the ludus

the games (ludus) or celebrations were originally a sort of religious ceremony for the Romans, a rite made to win the benevolence of the gods, rituals with a blessing or commemorative purpose.

The games (ludus) could be four types: “theatrical”, “circus”, “athletic” or “hunting”.

In the Flavian Amphitheatre, the most famous arena in the ancient world, gladiators flights (munera), hunting shows (venationes) and, at the beginning, naval battles were held. Executions were also performed in the arena, but it is not proven historically that the martyrdom of the Christians took place here.

The shows varied and were sometimes very cruel, but sometimes they were closer to circus shows with trained animals.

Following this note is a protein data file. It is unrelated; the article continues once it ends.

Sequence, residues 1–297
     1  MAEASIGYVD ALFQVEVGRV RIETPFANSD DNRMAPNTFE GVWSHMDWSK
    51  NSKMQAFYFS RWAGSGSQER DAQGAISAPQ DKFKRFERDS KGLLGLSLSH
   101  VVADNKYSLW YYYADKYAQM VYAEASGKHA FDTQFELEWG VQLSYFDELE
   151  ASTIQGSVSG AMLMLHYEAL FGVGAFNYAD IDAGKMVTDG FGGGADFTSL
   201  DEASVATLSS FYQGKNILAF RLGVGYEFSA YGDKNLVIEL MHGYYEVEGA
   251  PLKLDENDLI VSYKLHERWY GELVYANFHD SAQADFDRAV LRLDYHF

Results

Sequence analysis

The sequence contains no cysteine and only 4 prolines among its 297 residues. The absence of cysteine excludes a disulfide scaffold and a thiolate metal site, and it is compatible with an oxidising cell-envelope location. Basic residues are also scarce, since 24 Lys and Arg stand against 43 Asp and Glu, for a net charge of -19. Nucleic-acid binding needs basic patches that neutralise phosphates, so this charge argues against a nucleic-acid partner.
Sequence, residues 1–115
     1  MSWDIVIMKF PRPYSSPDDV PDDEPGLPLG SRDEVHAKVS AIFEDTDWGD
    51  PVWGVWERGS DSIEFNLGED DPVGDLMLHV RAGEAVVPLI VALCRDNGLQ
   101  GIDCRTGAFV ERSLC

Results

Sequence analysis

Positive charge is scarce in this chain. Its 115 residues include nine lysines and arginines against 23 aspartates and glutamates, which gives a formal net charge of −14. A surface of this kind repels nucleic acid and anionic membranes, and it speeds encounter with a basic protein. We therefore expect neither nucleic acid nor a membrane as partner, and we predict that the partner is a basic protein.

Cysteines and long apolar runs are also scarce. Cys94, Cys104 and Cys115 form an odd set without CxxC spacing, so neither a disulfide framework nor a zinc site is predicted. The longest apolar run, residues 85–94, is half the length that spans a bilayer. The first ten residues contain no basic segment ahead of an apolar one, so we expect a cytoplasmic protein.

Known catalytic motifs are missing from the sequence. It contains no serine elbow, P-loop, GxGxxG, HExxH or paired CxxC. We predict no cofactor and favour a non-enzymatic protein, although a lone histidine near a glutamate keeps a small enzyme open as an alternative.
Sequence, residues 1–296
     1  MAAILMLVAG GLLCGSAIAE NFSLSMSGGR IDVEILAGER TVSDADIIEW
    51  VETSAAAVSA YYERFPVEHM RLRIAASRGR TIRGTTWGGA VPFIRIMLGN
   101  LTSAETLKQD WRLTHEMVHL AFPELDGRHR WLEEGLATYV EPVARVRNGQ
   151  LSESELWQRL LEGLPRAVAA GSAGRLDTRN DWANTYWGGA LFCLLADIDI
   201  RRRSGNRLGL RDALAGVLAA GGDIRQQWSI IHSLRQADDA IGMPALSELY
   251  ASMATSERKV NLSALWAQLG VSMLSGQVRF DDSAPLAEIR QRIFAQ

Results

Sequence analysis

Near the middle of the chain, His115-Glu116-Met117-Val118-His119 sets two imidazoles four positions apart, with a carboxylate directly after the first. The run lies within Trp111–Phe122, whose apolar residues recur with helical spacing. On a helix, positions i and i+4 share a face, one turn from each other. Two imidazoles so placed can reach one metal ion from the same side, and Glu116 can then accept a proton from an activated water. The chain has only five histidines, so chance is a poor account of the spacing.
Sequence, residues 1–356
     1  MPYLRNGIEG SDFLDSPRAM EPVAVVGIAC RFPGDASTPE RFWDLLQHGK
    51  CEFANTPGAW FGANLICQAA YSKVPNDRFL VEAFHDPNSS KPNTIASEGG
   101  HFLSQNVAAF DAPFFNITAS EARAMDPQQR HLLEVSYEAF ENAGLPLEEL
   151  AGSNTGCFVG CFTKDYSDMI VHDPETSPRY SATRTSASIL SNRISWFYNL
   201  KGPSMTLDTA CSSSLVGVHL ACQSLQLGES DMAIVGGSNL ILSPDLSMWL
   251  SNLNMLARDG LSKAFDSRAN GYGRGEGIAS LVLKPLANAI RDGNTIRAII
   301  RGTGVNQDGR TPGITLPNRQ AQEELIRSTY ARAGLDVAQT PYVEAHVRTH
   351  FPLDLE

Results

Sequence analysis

In any case, every show required vast and effective organisation and thus very high costs.

During the games, the Colosseum housed a huge crowd in its stands, ready to see extraordinary shows with greed and excitement. Try to imagine over 50,000 spectators jumping out of their skins and enjoying the blood of the gladiators and ferocity of the beasts…

Today, we enjoy the silence of the Colosseum, its nocturnal atmosphere and the moment it lights up every time a nation abolishes capital punishment somewhere in the world. Today we like it this way, even without its beautiful marbles; purified by time.